Given that the EMC is appointed by the Senate president pro tempore, the House speaker, and the governor — who worked for Duke Energy for 28 years — it’s not surprising that the commission has chosen to pander to corporate interests rather than adequately protect North Carolina’s water and its citizens health.

A Moral Call to End Dangerous Coal Ash Storage

Tuesday, April 8th, 2014 - posted by Sarah Kellogg
Concerned citizens filled a church in Eden, N.C., last week to learn more about coal ash and the threats it poses to the environment and human health.

Concerned citizens filled a church in Eden, N.C., last week to learn more about coal ash and the threats it poses to the environment and human health.

Last Monday, concerned citizens packed the pews of a local church in Eden, N.C. The crowd, which was a diverse mixture of age, race and background, assembled for a town hall meeting on coal ash organized by the North Carolina chapter of the NAACP as a part of the Moral Monday movement.

Duke Energy’s Dan River coal-fired power plant is located in Eden, and it was there that a stormwater pipe below the massive coal ash pond failed in February, spewing thousands of tons of toxic laden coal ash into the Dan River.

Citizens are still seeing the effects of the spill. Mollusks and turtles are washing up dead on the banks of the Dan and local farmers are concerned that they may not be able to rely on water from the river this season or in the future.

The NAACP organized the meeting to raise awareness about the spill and its aftermath, but also to shed light on the coal ash problem that exists across North Carolina. The group is drawing attention to how most coal ash ponds are located in low-income communities and communities of color. Across the country, communities of color and poor families face environmental injustices that burden them with the economic and health impacts of pollution.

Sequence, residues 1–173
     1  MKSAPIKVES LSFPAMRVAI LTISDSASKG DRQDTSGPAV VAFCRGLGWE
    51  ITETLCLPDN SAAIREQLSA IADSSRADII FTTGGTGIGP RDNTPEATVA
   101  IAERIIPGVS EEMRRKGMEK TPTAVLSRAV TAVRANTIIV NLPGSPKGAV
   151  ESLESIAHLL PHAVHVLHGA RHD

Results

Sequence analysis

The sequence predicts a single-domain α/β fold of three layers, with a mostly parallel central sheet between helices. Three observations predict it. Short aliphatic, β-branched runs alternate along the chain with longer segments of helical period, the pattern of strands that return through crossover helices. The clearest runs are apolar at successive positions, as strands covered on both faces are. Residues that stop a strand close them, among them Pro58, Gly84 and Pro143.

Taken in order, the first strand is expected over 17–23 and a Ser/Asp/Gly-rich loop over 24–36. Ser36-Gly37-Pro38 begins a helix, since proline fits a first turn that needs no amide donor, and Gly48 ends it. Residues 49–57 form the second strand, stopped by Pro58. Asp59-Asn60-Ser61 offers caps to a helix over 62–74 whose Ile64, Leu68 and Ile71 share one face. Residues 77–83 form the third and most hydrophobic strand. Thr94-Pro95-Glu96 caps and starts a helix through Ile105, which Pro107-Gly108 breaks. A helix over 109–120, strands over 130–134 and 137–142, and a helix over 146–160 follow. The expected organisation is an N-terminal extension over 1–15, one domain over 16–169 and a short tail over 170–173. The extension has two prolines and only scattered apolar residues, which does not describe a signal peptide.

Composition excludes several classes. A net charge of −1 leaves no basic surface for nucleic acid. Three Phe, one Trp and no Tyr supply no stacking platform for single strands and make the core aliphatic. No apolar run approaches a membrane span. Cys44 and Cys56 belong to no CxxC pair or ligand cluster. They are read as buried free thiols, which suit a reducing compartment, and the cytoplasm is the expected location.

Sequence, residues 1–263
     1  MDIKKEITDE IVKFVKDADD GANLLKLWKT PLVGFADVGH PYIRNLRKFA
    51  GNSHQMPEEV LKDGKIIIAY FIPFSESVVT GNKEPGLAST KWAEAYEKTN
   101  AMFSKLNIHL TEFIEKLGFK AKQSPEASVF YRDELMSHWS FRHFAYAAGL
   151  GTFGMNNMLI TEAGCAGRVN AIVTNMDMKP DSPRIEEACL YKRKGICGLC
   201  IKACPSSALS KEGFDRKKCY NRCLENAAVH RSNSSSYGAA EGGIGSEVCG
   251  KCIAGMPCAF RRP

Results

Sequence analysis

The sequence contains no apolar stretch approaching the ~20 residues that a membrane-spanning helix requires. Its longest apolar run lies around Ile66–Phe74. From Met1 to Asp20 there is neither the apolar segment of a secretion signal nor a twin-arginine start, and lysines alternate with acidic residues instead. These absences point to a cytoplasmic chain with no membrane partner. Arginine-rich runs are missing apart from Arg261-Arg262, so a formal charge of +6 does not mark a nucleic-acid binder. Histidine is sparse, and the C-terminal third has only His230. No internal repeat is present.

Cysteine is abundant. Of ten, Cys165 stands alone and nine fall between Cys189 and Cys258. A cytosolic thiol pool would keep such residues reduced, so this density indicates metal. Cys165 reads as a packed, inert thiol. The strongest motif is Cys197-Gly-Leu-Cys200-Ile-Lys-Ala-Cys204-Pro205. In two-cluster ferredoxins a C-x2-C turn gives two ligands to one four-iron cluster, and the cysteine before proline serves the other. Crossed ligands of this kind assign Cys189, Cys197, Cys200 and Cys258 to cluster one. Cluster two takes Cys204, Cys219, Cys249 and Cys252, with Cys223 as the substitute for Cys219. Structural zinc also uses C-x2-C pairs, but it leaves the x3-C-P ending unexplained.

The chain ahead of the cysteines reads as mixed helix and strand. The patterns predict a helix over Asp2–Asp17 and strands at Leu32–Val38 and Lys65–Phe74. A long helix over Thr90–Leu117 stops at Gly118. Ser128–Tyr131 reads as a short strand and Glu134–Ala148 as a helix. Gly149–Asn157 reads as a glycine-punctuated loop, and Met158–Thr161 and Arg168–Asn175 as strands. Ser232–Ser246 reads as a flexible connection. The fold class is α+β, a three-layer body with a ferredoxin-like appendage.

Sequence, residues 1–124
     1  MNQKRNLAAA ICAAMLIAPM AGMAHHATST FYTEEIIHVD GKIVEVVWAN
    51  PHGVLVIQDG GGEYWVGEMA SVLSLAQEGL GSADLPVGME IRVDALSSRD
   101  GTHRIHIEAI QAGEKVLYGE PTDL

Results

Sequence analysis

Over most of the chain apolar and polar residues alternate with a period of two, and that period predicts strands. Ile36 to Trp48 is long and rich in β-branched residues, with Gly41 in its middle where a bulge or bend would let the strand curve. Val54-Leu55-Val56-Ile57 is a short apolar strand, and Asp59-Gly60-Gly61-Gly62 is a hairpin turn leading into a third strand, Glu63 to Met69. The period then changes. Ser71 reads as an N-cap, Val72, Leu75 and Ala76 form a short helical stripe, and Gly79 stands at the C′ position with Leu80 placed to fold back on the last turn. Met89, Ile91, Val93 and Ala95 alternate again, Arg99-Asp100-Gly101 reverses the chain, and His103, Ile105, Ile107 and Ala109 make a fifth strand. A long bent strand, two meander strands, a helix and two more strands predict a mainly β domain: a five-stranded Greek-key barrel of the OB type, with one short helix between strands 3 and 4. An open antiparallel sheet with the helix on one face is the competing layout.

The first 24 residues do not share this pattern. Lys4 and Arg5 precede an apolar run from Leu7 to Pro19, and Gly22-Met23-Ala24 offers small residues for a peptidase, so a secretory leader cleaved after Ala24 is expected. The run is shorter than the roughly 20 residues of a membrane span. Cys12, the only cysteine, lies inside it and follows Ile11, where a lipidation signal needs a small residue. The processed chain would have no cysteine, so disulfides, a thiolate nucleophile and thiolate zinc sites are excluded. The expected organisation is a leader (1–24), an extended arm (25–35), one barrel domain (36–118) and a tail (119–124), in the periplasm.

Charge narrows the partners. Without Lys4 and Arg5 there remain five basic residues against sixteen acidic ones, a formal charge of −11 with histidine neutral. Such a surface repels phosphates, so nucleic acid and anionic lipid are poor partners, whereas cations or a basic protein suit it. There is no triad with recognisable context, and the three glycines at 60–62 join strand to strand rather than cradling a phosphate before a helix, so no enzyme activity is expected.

At the town hall meeting, Annie Brown gave testament to environmental injustices of coal ash. Brown has spent her entire life living near the Belews Creek Coal Plant, which has a coal ash pond with a capacity of more than four billion gallons — the largest in North Carolina. She has raised children and grandchildren in the area and has watched her family and neighbors become ill with unusual diseases and cancer. Brown bravely spoke to the packed church about her own health issues and the scores of her neighbors she has seen die prematurely over the years. Watch her entire speech here.